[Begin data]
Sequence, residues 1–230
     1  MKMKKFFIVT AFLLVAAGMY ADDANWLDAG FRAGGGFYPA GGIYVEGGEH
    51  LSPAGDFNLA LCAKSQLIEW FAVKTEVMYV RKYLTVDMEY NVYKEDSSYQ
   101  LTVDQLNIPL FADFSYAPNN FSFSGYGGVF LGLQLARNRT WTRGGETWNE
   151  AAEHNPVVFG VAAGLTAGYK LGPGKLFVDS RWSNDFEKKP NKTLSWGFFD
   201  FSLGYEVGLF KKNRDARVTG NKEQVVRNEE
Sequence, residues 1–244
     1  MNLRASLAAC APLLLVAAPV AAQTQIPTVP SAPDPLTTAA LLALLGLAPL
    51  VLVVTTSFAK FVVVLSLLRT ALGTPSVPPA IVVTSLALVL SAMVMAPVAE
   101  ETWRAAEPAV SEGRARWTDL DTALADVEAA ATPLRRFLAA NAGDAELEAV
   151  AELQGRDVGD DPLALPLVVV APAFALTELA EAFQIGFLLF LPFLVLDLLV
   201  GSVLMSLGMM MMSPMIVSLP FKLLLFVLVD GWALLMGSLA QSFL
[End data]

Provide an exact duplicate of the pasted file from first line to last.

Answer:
Sequence, residues 1–230
     1  MKMKKFFIVT AFLLVAAGMY ADDANWLDAG FRAGGGFYPA GGIYVEGGEH
    51  LSPAGDFNLA LCAKSQLIEW FAVKTEVMYV RKYLTVDMEY NVYKEDSSYQ
   101  LTVDQLNIPL FADFSYAPNN FSFSGYGGVF LGLQLARNRT WTRGGETWNE
   151  AAEHNPVVFG VAAGLTAGYK LGPGKLFVDS RWSNDFEKKP NKTLSWGFFD
   201  FSLGYEVGLF KKNRDARVTG NKEQVVRNEE
Sequence, residues 1–244
     1  MNLRASLAAC APLLLVAAPV AAQTQIPTVP SAPDPLTTAA LLALLGLAPL
    51  VLVVTTSFAK FVVVLSLLRT ALGTPSVPPA IVVTSLALVL SAMVMAPVAE
   101  ETWRAAEPAV SEGRARWTDL DTALADVEAA ATPLRRFLAA NAGDAELEAV
   151  AELQGRDVGD DPLALPLVVV APAFALTELA EAFQIGFLLF LPFLVLDLLV
   201  GSVLMSLGMM MMSPMIVSLP FKLLLFVLVD GWALLMGSLA QSFL